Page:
There are some techniques that you can use to help bring the nipple out, including:

    • nipple shields to help the baby latch on
    • breast shields to apply pressure to the nipple, helping it protrude
    • manual nipple stimulation with your hands

    You may also find that milk flows better when using a breast pump.

    Where Did Your Breast Cancer Begin

    Incidence &  Epidemiology

    The type of tissue where your breast cancer begins determines how the cancer behaves and what treatments are most effective.

    Parts of the breast where cancer begins include:

    Milk ducts: Ductal carcinoma is the most common type of breast cancer. This type of cancer forms in the lining of a milk duct within your breast. The ducts carry breast milk from the lobules, where its made, to the nipple. Ductal carcinoma can remain within the ducts as a noninvasive cancer, which is called ductal carcinoma in situ, or it can break out of the ducts, which is called invasive ductal carcinoma.

    Milk-producing lobules: Lobular carcinoma starts in the lobules of the breast, where breast milk is produced. When it breaks out of the lobules, its considered invasive lobular carcinoma. The lobules are connected to the ducts, which carry breast milk to the nipple.

    Connective tissues: Rarely breast cancer can begin in the connective tissue thats made up of muscles, fat and blood vessels. Cancer that begins in the connective tissue is called sarcoma. Examples of sarcomas that can occur in the breast include phyllodes tumor and angiosarcoma.

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    What Are The Types Of Breast Cancer

    There are several different types of breast cancer, including:

    Can cancer form in other parts of the breast?

    When we say breast cancer, we usually mean cancers that form in milk ducts or lobules. Cancers can also form in other parts of your breast, but these types of cancer are less common. These can include:

    • Angiosarcoma. This rare type of cancer begins in the cells that make up the lining of blood or lymph vessels.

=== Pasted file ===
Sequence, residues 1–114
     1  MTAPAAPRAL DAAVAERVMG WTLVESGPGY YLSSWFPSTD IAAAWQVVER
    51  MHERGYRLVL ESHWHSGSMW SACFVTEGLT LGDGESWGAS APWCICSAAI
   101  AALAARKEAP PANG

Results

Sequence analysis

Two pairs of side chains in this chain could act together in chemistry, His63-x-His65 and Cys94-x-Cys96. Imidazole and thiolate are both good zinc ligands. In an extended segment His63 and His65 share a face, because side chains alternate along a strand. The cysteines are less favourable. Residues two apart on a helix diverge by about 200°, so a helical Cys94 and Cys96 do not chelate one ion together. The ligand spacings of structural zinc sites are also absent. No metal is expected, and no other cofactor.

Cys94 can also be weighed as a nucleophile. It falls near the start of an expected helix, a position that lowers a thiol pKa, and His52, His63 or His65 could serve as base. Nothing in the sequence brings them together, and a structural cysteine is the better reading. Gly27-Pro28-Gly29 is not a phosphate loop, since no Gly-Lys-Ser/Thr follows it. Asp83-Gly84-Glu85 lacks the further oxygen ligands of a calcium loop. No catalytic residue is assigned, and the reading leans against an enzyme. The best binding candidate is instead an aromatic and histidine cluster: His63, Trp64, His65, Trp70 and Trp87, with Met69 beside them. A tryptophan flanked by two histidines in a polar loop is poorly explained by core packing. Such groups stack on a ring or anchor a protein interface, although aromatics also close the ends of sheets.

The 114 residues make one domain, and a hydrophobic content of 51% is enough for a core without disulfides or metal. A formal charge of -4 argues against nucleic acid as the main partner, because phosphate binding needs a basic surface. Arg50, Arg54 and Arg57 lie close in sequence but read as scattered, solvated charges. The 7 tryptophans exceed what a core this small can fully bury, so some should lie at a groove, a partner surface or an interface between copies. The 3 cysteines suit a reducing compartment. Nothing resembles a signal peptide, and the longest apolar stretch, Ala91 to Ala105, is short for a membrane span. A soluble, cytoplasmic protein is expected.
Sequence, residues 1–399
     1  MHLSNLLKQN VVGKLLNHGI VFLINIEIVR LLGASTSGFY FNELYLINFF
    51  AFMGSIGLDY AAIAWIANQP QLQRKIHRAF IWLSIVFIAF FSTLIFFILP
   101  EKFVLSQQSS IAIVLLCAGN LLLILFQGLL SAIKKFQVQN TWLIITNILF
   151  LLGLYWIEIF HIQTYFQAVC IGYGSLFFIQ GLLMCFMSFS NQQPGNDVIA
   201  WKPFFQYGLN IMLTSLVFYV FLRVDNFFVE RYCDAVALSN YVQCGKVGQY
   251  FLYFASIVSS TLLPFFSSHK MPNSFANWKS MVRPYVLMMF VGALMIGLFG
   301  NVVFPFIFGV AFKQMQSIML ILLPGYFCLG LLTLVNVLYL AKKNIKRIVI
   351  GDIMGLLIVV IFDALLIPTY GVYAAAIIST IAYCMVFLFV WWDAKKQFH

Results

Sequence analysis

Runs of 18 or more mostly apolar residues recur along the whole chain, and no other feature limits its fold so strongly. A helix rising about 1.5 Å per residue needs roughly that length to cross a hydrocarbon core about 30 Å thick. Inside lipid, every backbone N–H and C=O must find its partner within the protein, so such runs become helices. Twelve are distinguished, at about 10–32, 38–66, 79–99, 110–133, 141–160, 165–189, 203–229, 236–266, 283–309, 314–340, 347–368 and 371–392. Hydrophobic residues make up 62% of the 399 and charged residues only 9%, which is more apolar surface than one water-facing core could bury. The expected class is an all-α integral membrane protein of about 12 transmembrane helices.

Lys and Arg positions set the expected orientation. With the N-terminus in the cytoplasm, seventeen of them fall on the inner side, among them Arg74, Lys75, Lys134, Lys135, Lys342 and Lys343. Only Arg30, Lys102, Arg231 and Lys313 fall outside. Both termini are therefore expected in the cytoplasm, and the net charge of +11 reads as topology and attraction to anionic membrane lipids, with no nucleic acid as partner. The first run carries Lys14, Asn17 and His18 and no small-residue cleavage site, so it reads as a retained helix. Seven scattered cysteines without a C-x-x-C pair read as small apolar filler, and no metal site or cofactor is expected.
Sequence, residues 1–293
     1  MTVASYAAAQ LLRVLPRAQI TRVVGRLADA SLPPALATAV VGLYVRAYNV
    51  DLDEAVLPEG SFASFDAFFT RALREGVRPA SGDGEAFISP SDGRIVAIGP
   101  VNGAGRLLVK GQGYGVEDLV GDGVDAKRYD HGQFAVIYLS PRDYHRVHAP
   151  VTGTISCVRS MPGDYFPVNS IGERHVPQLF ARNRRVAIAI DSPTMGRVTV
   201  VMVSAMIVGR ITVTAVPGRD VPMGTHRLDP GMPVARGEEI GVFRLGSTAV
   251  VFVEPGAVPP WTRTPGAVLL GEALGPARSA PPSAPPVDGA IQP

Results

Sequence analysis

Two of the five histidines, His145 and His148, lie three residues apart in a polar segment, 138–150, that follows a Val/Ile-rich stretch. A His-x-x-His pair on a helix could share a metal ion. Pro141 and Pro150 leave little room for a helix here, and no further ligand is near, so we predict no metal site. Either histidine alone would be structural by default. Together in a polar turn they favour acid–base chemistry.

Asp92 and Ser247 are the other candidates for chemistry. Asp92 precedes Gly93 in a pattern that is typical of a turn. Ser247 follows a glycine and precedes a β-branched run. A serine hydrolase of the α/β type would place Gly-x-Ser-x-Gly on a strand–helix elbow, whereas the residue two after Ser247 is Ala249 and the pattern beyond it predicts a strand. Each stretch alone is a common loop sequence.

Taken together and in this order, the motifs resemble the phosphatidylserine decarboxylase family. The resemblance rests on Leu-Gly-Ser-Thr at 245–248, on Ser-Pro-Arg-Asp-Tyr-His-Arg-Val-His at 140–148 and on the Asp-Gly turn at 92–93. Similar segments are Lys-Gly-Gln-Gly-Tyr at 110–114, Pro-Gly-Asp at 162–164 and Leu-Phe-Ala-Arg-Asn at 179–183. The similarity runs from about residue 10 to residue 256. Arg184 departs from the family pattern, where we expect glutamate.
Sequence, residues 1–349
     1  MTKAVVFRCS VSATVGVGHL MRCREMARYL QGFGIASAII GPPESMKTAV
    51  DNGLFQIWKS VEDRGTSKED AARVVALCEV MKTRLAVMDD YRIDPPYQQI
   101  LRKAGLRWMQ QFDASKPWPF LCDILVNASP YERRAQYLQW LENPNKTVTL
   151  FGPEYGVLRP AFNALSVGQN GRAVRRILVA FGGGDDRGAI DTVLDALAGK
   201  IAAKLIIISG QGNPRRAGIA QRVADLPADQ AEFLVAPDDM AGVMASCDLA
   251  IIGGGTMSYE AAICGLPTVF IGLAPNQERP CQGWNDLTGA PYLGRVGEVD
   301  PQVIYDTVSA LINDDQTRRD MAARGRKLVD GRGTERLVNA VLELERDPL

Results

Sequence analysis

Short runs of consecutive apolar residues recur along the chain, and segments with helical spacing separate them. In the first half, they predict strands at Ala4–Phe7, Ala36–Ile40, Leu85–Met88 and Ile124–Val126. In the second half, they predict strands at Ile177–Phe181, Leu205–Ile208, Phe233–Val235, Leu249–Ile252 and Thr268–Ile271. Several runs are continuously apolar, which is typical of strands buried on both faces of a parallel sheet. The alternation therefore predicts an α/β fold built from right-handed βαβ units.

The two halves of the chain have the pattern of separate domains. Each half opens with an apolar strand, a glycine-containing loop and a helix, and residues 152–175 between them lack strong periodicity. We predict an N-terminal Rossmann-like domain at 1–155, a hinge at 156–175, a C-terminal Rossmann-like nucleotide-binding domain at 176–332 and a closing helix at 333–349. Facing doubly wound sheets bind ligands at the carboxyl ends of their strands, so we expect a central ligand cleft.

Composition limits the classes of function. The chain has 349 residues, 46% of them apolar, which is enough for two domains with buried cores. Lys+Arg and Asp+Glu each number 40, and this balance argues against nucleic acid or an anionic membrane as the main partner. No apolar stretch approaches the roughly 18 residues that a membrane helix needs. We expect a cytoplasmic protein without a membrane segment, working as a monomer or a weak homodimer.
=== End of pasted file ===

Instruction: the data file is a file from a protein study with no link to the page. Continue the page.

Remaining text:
• Phyllodes tumors. Starting in the connective tissue, phyllodes tumors are rare. Theyre usually benign , but they can be malignant in some cases.

    Breast Reconstruction After A Mastectomy

    After cancerous breast tissue is removed, you may be thinking about restoring your breasts shape. People who have had a mastectomy often want to restore the breast mound, but its also not uncommon to skip the restoration and go flat instead.

    If you decide to go with reconstruction, know that you dont have to do so right away. You can put off reconstruction for days, months, or even years. In fact, if youre undergoing any other breast cancer treatments, like radiation or chemotherapy, you may decide to postpone reconstruction until those treatments are done.

    Reconstruction has several forms. Some people may opt for a full silicone implant for their breast reconstruction. In other cases, a plastic surgeon may be able to use body fat, muscle, and tissue from another part of your body to rebuild a breast. Nipple reconstruction is also possible for some people.

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    Mucinous Carcinoma Of The Breast

    Mucinous carcinoma, also known as colloid carcinoma, is a rare form of invasive ductal carcinoma . About 2 percent of breast cancers are pure mucinous carcinoma, while up to 7 percent of breast cancers have some component of mucinous carcinoma cells.

    With this type of cancer, the tumor consists of abnormal cells that appear to float in pools of mucus when looked at under a microscope.

    Its typically a less aggressive type of cancer that has a lower probability of spreading to the axillary lymph nodes than some other types of IDC.

    Mucinous carcinoma tends to be more common in post-menopausal women, with the average age at diagnosis being around 60 to 70 years of age.

    Skin Rash On The Breasts

    Types of Breast Cancer

    You may not associate breast cancer with redness or a skin rash, but in the case of inflammatory breast cancer , a rash is an early symptom. This is an aggressive form of breast cancer that affects the skin and lymph vessels of the breast.

    Unlike other types of breast cancer, IBC doesnt usually cause lumps. However, your breasts may become swollen, warm, and appear red. The rash may resemble clusters of insect bites, and its not unusual to have itchiness.

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    In Situ Vs Invasive Breast Cancers

    The type of breast cancer can also refer to whether the cancer has spread or not. In situ breast cancer is a pre-cancer that starts in a milk duct and has not grown into the rest of the breast tissue. The term invasive breast cancer is used to describe any type of breast cancer that has spread into the surrounding breast tissue.